Thursday 21st - weather cloudy & disagreeable. The wind changed from the South to the North, which occasioned a degree of cold such as I have not experienced the preceding winter. Breeze partly fresh but great swell of the sea. At 6 P.M. the wind fell off and a stark calm prevailed till 4 oClock A.M. Course N 70º W. Dist.ce 41. Lat. 42º 56’ N. longitude 59º 36’ N. Chron: 59º 23’ W.

Friday 22nd - weather wet and foggy with alternate calms & light breezes. We are abreast of Sable Island about 130 miles from Halifax. At Midnight we were on sable Bank in 47 fathoms water Course N.78º W. Dist.ce 43. Latitude 43º 5’ N. Long 60º 30’ W. Chron. 60º 20’ W.

Saturday 23rd - weather cloudy in the morning but soon cleared up. In the forenoon fresh breezes & rather favourable but will oblige us to make Shelburne light instead of Sambro  Saw a schooner anchored on Sable Bank and employed in fishing. In the afternoon the wind changed direction in our favour Extreme cold to day. At Midnight I came upon deck Saw the Sambro light house, and we came abreast of it about 2 oClock A.M. its placed on a small island, surrounded by breakers, against which the Duke of York, in her last Halifax voyage, nearly struck, owing to the distance from it having been mistaken, in consequence of foggy weather. Very few Packets enter Halifax by night as besides Sambro (15 miles distant) there are other small but dangerous rocks, which when the atmosphere is hazy, are often fatal to mariners. The moon rose at 12 to night, but was soon totally obscured by cloud, which discharged partial showers of rain.

Arrive at Halifax

Sunday 24th May - altho’ the wind nearly died when close to Halifax, it again sprung up & we succeeded in reaching our destination at ½ past 5 A.M. As we shall return to Halifax from Bermuda and (as I hope) make a stay of a few days there, I shall defer any particulars respecting that place till then in order to preserve more order and connection in my Journal. I may mention, however, that upon our arrival, we learnt that several vessels, sailing both by the Northern & Southern passages, that had short passages – one in particular had left Falmouth several days after us & had performed her voyage in 28 days.[2] From all this, it was thought at Halifax, that we had been lost, as had been the fate of two Packets this year (Ariel & Myrtle).[3] With respect to the latter, we were told, that when about 90 miles from Halifax, with a fair & moderate breeze, such was the dense haziness of the weather, that she went right between two portions of rock, got jammed and went to pieces. Fortunately this disaster was attended with no loss of lives – all succeeded in getting on shore where they erected a sort of tent, collected what provisions they could, and finally managed to reach Halifax.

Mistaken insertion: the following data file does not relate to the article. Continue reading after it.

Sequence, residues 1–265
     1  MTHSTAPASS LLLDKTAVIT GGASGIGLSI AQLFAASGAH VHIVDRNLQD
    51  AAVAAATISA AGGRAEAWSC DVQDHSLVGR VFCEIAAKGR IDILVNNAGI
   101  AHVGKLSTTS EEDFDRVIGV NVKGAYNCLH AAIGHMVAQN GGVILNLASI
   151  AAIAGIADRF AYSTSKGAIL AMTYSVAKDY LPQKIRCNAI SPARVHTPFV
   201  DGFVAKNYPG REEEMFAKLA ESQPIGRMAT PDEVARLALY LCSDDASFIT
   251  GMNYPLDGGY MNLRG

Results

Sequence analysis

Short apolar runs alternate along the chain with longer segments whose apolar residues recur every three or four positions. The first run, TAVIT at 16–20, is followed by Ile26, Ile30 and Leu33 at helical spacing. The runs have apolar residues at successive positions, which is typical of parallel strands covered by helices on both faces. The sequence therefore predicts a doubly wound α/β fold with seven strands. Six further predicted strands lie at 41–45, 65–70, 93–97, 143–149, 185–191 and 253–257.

With respect to the Ariel, about which no intelligence could be gained hitherto, it seems that there is a vessel here which went under the stern of the Ariel, while she was lying to in a gale of wind & spoke her. This was 12 days after she had left England, and not one hundred miles off.

The weather today is excessively hot and oppressive, while only yesterday we were shivering with cold.

[Miss Powell our Passenger landed]

We [landed here the only two passengers whom we carried out with us] viz. a [lady and gentleman. The lady was call’d Miss Powell] and [had come out to Halifax as Governess to Sir Peregrine Marsland the Governor’s children. She seemed to be a very pleasant and agreeable lady “of a certain age,” from] whose [manners a residence of four years in Normandy has served] to rub off [that reserve and irracability] which is so often cast up to us as the characteristic of our nation. [She was also an excellent sailor – as after the three first days she suffered little] or nothing from sea sickness. [If I were asked] what was the extent of [her accomplishments] I could give a correct [answer- for as many points of History, & useful information, she showed either real or affected ignorance] - but as to the more elegant [accomplishments of languages, Music and drawing in these she showed herself an excellent proficient.] Upon the whole I believe [she] was as the world and education now go fully qualified to give the most complete satisfaction [to her fashionable employer.]

[Senhor Young our Passenger – Leave Halifax]

I shall now say a few words regarding [our gentleman passenger Senhor Young.] I found that [he had] been 6 years at [Liverpool] and that during the two last [he] was [in the] same [office as Andrew Maclean, who] of course, will proably know [much about him. He appeared] to be a very [informed] young [man] & [one who had mixed] a good deal [in good society. His manners however were so me_mes unequal – and he betrayed occasional traits of impatience & rudeness which] may be attributed to the circumstance that, during the whole voyage [he] was [seldom free from indisposition a single day – and on] this ground alone [could an excuse] be found. But I may say generally that [He contributed his share to the common] amusement & information.